Jaasai said: “She leaves a private chat open 24/7. She is always double checking if we need any help or have any questions even after we have said no. But some students are shy about asking a question, so she stays after class for students who are having trouble with the lesson that day.”
Similarly, Leslie said: “She stays on Zoom the whole class period to be available for questions. During class, she is very engaging. She asks questions, and we have to respond. She checks to make sure we’re understanding something and watches her screen to make sure everyone nods or something. Students who don’t have their cameras on have to do the thumbs up emoji. She asks for feedback, and if we don’t understand, she’ll explain it differently until we do. And she covers every step.”
When Lourdes Flores asked her teens about their teacher, they described her constant encouragement, including encouragement to keep their cameras on. From her own vantage point, Ms. Flores appreciates their teachers reaching out to parents seeking their support from home. And she is grateful for the patience of the teachers to attend to all the difficulties of technology and connection issues.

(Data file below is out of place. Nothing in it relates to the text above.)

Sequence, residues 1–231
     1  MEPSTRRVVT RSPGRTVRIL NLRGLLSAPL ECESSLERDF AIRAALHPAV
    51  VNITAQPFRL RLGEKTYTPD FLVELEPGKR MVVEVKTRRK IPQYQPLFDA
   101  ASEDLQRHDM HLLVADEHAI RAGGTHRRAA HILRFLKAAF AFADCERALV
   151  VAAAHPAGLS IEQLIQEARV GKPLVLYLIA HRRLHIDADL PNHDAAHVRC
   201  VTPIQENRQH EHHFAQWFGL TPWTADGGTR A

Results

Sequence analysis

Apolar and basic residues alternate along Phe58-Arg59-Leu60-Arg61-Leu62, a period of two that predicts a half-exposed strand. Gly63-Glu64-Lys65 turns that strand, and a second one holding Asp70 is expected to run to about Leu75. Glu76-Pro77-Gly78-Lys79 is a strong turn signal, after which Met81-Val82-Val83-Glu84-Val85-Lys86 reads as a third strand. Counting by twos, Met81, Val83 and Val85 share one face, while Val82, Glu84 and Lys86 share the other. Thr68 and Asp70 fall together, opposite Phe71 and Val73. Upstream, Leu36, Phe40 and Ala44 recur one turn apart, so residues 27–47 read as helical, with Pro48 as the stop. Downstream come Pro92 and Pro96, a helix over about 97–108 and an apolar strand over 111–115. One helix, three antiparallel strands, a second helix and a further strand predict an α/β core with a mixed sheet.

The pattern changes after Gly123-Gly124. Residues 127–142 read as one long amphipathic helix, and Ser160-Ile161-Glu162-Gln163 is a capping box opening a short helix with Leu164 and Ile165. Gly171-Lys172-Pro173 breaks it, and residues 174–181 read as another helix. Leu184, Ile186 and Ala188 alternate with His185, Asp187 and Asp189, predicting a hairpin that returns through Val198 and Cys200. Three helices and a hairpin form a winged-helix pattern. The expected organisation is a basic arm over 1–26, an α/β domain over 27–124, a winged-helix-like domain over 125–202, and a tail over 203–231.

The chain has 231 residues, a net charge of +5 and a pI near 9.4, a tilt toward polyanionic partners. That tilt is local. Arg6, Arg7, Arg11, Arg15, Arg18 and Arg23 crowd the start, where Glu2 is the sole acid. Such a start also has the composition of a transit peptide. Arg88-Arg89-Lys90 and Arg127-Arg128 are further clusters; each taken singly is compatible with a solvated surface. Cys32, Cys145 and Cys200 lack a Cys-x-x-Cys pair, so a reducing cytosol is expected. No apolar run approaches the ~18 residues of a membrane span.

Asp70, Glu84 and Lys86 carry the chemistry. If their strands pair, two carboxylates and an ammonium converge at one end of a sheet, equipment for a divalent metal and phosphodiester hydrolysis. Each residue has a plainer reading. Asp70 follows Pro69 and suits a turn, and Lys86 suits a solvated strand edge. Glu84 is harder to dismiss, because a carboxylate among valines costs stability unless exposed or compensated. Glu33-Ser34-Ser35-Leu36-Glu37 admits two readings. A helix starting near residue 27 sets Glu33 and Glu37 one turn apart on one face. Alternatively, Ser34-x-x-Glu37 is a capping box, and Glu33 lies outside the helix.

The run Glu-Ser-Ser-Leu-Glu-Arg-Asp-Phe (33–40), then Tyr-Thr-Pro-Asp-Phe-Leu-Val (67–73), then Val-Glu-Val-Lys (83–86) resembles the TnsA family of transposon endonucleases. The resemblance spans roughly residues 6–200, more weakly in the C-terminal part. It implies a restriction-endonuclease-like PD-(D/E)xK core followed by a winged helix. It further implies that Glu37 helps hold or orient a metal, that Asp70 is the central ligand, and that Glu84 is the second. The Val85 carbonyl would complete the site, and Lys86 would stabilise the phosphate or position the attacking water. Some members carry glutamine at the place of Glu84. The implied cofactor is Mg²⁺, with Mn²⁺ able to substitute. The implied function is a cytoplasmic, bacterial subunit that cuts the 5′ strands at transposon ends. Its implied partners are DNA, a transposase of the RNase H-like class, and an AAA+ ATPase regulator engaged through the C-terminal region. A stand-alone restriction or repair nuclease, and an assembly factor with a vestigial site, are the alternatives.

Some of the students’ feedback sounds simple at first, like teachers answering student emails quickly. Leslie added, “When someone contributes, she acknowledges us and praises us by name, even if our camera is off.”
Teaching via distance learning has been a challenge and an opportunity. Effective teachers have new ways of teaching and explore the benefits of digital access to enhance one-on-one communication. They connect student interests and experiences with learning of concepts. In the virtual classrooms of these four teachers, students are engaged and learning high-level math and science during the pandemic.
Aurelio M. Montemayor, M.Ed., is IDRA’s family engagement coordinator and directs IDRA Education CAFE work. Comments and questions may be directed to him via email at email@example.com.
[©2021, IDRA. This article originally appeared in the February 2021 IDRA Newsletter by the Intercultural Development Research Association. Permission to reproduce this article is granted provided the article is reprinted in its entirety and proper credit is given to IDRA and the author.]